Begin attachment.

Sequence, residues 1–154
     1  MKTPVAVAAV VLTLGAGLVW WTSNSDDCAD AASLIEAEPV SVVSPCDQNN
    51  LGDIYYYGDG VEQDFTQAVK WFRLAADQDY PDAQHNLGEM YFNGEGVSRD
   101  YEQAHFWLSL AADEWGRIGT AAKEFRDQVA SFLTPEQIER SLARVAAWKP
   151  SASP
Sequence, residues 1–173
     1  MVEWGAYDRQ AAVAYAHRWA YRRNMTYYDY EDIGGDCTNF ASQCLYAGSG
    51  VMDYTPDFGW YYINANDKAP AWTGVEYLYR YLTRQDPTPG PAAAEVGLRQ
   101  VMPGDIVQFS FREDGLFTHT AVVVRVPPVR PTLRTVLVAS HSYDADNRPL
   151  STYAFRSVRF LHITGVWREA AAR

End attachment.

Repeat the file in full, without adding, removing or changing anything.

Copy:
Sequence, residues 1–154
     1  MKTPVAVAAV VLTLGAGLVW WTSNSDDCAD AASLIEAEPV SVVSPCDQNN
    51  LGDIYYYGDG VEQDFTQAVK WFRLAADQDY PDAQHNLGEM YFNGEGVSRD
   101  YEQAHFWLSL AADEWGRIGT AAKEFRDQVA SFLTPEQIER SLARVAAWKP
   151  SASP
Sequence, residues 1–173
     1  MVEWGAYDRQ AAVAYAHRWA YRRNMTYYDY EDIGGDCTNF ASQCLYAGSG
    51  VMDYTPDFGW YYINANDKAP AWTGVEYLYR YLTRQDPTPG PAAAEVGLRQ
   101  VMPGDIVQFS FREDGLFTHT AVVVRVPPVR PTLRTVLVAS HSYDADNRPL
   151  STYAFRSVRF LHITGVWREA AAR